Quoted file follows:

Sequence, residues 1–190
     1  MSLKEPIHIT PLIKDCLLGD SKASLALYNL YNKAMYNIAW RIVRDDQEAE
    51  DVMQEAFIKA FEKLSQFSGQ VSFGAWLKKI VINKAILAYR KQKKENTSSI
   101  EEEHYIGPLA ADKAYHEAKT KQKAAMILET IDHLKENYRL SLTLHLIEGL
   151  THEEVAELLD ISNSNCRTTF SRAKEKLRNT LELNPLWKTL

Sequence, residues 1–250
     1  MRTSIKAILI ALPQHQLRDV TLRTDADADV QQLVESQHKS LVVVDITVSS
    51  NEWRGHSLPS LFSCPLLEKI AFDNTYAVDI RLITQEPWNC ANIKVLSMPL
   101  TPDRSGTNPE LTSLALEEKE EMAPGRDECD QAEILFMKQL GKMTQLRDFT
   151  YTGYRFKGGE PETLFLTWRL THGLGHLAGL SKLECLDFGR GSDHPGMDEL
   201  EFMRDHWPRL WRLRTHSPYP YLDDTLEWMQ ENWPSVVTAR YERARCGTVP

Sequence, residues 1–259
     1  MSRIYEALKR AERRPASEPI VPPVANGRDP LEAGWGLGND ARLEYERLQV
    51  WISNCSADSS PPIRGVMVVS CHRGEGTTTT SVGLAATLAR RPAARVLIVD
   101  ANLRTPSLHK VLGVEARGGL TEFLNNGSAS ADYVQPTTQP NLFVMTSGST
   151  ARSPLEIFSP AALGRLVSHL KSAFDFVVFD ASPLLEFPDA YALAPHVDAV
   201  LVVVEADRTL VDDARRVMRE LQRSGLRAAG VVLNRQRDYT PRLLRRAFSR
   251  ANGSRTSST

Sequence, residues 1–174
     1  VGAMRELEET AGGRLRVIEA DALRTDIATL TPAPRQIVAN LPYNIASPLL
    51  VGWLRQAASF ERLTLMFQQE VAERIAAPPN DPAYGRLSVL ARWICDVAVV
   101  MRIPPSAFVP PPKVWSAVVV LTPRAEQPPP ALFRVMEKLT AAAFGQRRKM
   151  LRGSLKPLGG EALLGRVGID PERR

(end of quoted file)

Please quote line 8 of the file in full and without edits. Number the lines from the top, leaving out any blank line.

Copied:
    51  NEWRGHSLPS LFSCPLLEKI AFDNTYAVDI RLITQEPWNC ANIKVLSMPL